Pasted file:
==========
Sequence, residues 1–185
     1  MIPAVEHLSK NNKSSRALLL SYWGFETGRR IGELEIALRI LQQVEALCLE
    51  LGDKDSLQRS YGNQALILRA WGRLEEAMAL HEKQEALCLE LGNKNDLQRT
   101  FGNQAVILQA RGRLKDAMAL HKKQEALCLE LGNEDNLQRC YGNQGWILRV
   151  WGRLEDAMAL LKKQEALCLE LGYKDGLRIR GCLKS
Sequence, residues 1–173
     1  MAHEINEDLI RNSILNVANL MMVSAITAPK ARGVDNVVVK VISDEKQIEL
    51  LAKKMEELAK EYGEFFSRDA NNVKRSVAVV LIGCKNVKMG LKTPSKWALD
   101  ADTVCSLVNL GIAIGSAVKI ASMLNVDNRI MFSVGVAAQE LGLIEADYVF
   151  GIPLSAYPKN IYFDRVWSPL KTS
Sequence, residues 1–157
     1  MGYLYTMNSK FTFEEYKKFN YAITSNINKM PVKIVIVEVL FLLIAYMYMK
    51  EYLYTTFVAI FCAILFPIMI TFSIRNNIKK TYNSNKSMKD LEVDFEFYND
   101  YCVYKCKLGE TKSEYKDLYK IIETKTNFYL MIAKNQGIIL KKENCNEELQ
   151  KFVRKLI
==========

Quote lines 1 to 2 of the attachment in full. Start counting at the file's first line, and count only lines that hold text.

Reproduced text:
Sequence, residues 1–185
     1  MIPAVEHLSK NNKSSRALLL SYWGFETGRR IGELEIALRI LQQVEALCLE